Wednesday, April 15, 2015

Sun Life Financial Inc. 2

On my other blog I am today writing about What's Wrong with Finance continue...

Sound bite for Twitter and StockTwits is: stock is cheap to reasonable. Insurance companies have been having a hard time since 2008. They are finally beginning to increase dividends again. You make money long term when you buy good companies when they are cheap. See my spreadsheet at slf.htm.

I own this stock of Sun Life Financial Inc. (TSX-SLF, NYSE-SLF). After I sold my CIBC bond in 2000 I had money to buy some stocks so I made a hit list and looked for ones on this list selling at a reasonable price. This stock was selling at a reasonable price at that time.

In 2014 the outstanding shares were increased by 3M shares for stock options. This is a 0.49% increase. This increase is rather normal. These shares have a book value of $83M and this number of shares would be worth $125.8M at the end of 2014.

Over the past year re insider trading, there was $32.2M of insider selling and net insider selling of $31.9M with very little insider buying. There is not much in insider ownership, but the CEO does have shares worth around $2.9M.

The 5 year low, median and high median Price/Earnings per Share Ratios are 8.75, 10.40 and 12.05. The corresponding 10 year values are higher at 12.21, 13.50 and 14.78. The 5 year ratios are rather low. The current P/E Ratio is 12.38 based on a stock price of $39.61 and 2015 EPS estimate of $3.20. I think that this stock testing suggests that the stock price is reasonable. The P/E Ratio would have to be 10.00 or lower for me to think that the stock is cheap via this test.

I get a Graham price of $43.05. The 10 year low, median and high median Price/Graham Price Ratios are 0.78, 0.99 and 1.10. The current P/GP Ratio is 0.92 based on a stock price of $39.61. The theory behind the Graham Price is that if this ratio was 1.00 or less the stock was at a good price. This stock price testing suggests that the stock price is reasonable. However, the Graham Price theory suggests that the stock price is cheap.

I get a 10 year Price/Book Value per Share of 1.35. The current P/B Ratio is 1.54 based on a BVPS of $25.74 and a stock price of $39.61. The current P/B Ratio is some 14% higher than the 10 year median value. This stock price testing suggests that the stock price is reasonable.

The 5 year median dividend yield is 5.02% and the current dividend yield at 3.64% is some 27.5% lower. This initial test suggests that the stock price is expensive. The historical average dividend yield is 4.50% and this is some 19% higher than current dividend yield of 3.64%. The historical median dividend yield is 2.55% and this is a value 42.6% lower than the current dividend yield of 3.64%. The 10 year median dividend yield is 4.18% which is 13% above the current dividend yield of 3.64%.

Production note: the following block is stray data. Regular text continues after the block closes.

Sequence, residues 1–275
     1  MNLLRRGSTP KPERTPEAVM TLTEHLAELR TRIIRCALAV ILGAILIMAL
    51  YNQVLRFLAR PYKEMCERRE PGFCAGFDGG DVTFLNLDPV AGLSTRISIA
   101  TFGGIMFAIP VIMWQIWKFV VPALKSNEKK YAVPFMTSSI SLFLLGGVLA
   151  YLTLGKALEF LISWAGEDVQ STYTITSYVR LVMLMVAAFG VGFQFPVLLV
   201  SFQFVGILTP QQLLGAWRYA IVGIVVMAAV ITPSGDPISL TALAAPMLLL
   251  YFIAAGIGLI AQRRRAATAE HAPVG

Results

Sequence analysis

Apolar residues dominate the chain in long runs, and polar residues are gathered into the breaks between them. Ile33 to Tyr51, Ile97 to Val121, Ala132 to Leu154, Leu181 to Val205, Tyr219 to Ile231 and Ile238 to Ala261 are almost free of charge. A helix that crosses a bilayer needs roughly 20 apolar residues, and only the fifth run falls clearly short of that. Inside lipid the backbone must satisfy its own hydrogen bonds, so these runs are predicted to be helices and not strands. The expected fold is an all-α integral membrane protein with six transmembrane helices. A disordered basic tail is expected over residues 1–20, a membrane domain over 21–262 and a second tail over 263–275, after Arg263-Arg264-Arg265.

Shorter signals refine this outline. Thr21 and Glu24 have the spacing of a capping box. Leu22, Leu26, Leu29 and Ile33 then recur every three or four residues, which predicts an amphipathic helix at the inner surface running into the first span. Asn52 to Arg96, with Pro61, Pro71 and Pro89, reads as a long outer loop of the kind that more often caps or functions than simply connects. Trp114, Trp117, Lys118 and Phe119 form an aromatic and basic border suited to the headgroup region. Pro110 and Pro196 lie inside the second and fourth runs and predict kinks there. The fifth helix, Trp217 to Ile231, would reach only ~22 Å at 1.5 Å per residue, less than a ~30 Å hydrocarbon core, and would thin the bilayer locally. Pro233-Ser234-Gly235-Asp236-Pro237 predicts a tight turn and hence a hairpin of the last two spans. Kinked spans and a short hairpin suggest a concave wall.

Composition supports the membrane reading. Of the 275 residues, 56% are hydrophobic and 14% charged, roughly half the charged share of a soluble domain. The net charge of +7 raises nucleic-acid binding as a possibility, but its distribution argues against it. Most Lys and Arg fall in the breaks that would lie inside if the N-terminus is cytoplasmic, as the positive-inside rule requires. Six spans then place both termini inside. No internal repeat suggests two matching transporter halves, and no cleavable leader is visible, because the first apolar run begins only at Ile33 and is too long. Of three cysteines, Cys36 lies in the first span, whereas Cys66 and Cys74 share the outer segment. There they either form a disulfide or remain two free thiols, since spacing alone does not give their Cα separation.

This testing gives us a mixed bag. The historical median dividend yield is low because the dividend yields started off very low when this stock was initially issued some 15 years ago. The historical median dividend yield is interesting. A median value shows you what the dividend yield is most likely to be and at 2.55% is much lower than the dividend yield has been for the last 7 years or right around 2008 when insurance companies got into trouble.

So it would seem on an historical basis, a dividend yield of 3.64% is rather high. This would suggest that the current stock price is rather cheap.

When I look at analysts' recommendations, I find Strong Buy, buy, Hold and Underperform recommendations. Most of the recommendations are a Hold and the consensus recommendations would be a hold. The 12 month stock price consensus is $43.80. This would imply a total return of 14.21% with 10.58% from capital gains and 3.64% from dividends. For this sort of return I would expect Buy recommendations.

This is the second of two parts. The first part was posted on Tuesday, April 14, 2015 and is available here. The first part talks about the stock and the second part talks about the stock price.

David Pett in a recent Financial Post article, says that Sun Life is posed to raise their dividends for the first time since the financial crisis. There is a recent Motley Fool By Robert Baillieul talking about where you should buy Sun Life or Manulife. On Dakota Financial News Samantha Reynolds talks about recent analysts ratings for Sun Life. According to Business WireA. M. Best has put out a special recent report on Canadian Insurance Companies. You might also be interested in what analysts have to say via Stock Chase.

Sun Life Financial is a leading international financial services organization providing a diverse range of protection and wealth accumulation products and services to individuals and corporate customers. Chartered in 1865, Sun Life Financial and its partners today have operations in key markets worldwide, including Canada, the United States, the United Kingdom, Ireland, Hong Kong, the Philippines, Japan, Indonesia, India, China and Bermuda. Its web site is here Sun Life.

This blog is meant for educational purposes only, and is not to provide investment advice. Before making any investment decision, you should always do your own research or consult an investment professional. I do research for my own edification and I am willing to share. I write what I think and I may or may not be correct.

See my website for stocks followed and investment notes. Follow me on Twitter or StockTwits.

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